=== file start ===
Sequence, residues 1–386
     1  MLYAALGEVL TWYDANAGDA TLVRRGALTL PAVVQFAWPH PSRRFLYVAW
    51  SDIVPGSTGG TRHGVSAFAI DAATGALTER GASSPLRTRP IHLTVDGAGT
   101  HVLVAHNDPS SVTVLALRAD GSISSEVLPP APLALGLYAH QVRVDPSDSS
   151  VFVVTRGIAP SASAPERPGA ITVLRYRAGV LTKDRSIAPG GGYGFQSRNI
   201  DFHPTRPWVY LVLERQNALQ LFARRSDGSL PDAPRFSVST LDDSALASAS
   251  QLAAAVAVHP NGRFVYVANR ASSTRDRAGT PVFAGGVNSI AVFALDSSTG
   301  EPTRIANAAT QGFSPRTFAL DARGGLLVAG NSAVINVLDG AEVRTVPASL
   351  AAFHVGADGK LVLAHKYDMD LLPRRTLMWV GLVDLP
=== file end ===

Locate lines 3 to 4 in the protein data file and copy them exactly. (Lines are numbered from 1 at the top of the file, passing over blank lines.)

    51  SDIVPGSTGG TRHGVSAFAI DAATGALTER GASSPLRTRP IHLTVDGAGT
   101  HVLVAHNDPS SVTVLALRAD GSISSEVLPP APLALGLYAH QVRVDPSDSS